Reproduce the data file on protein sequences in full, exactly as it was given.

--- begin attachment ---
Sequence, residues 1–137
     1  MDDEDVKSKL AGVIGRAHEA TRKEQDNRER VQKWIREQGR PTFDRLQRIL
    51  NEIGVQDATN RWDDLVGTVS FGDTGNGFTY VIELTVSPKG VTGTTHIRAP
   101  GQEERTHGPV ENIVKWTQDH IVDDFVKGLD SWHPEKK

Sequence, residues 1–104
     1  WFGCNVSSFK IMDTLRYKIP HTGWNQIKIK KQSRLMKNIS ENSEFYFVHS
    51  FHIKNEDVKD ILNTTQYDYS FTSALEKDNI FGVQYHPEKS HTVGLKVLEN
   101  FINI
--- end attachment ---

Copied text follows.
Sequence, residues 1–137
     1  MDDEDVKSKL AGVIGRAHEA TRKEQDNRER VQKWIREQGR PTFDRLQRIL
    51  NEIGVQDATN RWDDLVGTVS FGDTGNGFTY VIELTVSPKG VTGTTHIRAP
   101  GQEERTHGPV ENIVKWTQDH IVDDFVKGLD SWHPEKK

Sequence, residues 1–104
     1  WFGCNVSSFK IMDTLRYKIP HTGWNQIKIK KQSRLMKNIS ENSEFYFVHS
    51  FHIKNEDVKD ILNTTQYDYS FTSALEKDNI FGVQYHPEKS HTVGLKVLEN
   101  FINI